National Student Exchange (NSE)
National Student Exchange is a domestic student exchange program that offers UNCW students the opportunity to attend one of approximately 183 member institutions across the United States and its territories. With member institutions offering tuition reciprocity, and students continuing their eligibility for financial aid at UNCW, NSE represents one of the most cost-effective ways to travel and experience life in a new environment. Since the founding of NSE in 1967-1968, more than 90,000 students have been placed in life-challenging and life-changing experiences. For participating students, the semester or year on exchange is usually the most profitable and enjoyable time of their college career. Students experience a diversity of educational settings, course offerings, and philosophies. In addition, there is an increased awareness of the cultural and geographical differences within the U.S. The NSE application deadline is February 1 for placements in the following academic year. For more information, contact the Office of Housing and Residence Life or visit the NSE Web site at http://www.uncw.edu/NSE.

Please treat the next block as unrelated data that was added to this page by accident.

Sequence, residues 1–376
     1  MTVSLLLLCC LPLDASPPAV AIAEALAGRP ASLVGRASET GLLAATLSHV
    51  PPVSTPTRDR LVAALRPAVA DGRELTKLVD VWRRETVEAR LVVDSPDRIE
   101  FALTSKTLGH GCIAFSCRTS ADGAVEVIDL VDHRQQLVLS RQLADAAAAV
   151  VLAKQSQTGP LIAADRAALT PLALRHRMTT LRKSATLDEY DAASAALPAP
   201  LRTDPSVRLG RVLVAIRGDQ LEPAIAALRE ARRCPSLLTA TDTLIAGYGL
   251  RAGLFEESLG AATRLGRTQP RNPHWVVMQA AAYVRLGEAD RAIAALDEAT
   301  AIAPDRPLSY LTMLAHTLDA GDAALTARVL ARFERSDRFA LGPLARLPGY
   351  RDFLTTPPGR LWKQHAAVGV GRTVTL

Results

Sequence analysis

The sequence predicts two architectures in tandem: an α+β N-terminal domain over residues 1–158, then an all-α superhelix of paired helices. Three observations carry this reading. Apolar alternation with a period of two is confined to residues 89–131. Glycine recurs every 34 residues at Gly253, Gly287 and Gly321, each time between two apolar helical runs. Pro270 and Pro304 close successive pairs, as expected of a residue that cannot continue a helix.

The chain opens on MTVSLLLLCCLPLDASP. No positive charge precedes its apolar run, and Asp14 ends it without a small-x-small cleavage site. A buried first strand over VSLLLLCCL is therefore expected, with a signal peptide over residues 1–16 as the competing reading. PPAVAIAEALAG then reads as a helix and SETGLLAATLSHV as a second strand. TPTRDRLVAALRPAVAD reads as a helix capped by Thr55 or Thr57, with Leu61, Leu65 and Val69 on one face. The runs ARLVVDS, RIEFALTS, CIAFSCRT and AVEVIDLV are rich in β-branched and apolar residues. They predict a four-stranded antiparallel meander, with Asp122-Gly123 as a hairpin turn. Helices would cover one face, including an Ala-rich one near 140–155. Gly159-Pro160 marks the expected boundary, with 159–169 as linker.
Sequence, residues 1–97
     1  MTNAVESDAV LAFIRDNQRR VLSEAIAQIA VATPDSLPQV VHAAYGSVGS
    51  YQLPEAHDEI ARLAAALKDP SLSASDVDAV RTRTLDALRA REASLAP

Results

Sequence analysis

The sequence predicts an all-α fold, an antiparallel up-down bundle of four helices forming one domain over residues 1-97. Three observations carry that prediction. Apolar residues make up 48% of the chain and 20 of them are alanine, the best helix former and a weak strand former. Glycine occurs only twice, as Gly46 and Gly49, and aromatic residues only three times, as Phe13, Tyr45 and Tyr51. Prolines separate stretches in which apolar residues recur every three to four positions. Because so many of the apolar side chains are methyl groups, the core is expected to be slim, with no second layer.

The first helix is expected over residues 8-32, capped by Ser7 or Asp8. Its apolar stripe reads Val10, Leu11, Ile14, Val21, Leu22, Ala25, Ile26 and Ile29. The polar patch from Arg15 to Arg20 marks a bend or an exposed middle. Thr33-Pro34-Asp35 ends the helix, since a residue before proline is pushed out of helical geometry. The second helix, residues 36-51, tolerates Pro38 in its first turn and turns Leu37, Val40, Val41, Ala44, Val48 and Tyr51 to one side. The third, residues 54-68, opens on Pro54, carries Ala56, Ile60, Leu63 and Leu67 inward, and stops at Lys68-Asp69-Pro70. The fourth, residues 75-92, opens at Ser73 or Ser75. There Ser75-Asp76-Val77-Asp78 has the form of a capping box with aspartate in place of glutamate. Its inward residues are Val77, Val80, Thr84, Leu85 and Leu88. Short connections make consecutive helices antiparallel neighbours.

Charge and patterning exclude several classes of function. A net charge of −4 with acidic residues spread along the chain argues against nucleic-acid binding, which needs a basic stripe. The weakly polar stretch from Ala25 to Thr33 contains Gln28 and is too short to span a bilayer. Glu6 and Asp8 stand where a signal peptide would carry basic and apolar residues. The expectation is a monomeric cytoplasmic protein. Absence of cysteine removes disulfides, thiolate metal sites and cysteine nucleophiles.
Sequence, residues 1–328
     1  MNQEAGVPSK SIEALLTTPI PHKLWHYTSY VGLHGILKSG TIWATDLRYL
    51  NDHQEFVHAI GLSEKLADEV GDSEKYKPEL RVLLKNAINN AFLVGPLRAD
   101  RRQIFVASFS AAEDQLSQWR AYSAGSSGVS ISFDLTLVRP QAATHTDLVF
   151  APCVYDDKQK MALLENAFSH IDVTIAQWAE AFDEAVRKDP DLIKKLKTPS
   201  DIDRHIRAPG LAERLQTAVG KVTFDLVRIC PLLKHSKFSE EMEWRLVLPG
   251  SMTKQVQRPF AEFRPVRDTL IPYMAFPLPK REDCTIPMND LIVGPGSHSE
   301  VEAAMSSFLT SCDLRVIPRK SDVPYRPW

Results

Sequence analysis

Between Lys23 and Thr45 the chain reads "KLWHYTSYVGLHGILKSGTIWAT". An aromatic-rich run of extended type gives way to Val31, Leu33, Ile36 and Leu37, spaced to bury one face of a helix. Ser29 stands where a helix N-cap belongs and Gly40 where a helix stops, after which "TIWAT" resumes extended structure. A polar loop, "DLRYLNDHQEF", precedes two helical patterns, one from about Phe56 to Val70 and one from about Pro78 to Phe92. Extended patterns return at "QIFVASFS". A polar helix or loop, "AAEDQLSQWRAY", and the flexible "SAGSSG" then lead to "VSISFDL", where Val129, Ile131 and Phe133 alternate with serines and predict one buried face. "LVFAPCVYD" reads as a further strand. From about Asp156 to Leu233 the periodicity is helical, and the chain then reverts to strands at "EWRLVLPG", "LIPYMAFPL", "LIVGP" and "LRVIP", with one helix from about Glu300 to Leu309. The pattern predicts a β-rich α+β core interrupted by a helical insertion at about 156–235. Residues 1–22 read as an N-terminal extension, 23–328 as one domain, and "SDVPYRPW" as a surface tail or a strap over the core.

Students who have a cumulative grade point average of 2.00 or higher and who have successfully completed 45 hours, with at least 12 hours at UNCW, may take up to 9 hours of elective courses on a pass/fail basis. The intent of this option is to encourage students to explore areas of interest beyond their major or minor without concern about compromising their academic record. Students should be selective in choosing such courses. A change of major might mean that a course taken on a pass/fail basis must later be retaken for a grade. In addition, graduate and professional schools and future employers may evaluate such course work differently from graded courses. The following restrictions apply: